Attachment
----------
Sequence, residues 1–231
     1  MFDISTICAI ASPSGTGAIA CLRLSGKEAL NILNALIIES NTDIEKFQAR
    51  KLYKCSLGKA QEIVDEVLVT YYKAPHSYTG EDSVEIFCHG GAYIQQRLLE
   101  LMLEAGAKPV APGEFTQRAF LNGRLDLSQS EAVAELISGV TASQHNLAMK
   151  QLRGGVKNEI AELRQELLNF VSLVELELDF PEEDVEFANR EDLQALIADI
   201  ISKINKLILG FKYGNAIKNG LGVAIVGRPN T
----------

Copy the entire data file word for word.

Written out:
Sequence, residues 1–231
     1  MFDISTICAI ASPSGTGAIA CLRLSGKEAL NILNALIIES NTDIEKFQAR
    51  KLYKCSLGKA QEIVDEVLVT YYKAPHSYTG EDSVEIFCHG GAYIQQRLLE
   101  LMLEAGAKPV APGEFTQRAF LNGRLDLSQS EAVAELISGV TASQHNLAMK
   151  QLRGGVKNEI AELRQELLNF VSLVELELDF PEEDVEFANR EDLQALIADI
   201  ISKINKLILG FKYGNAIKNG LGVAIVGRPN T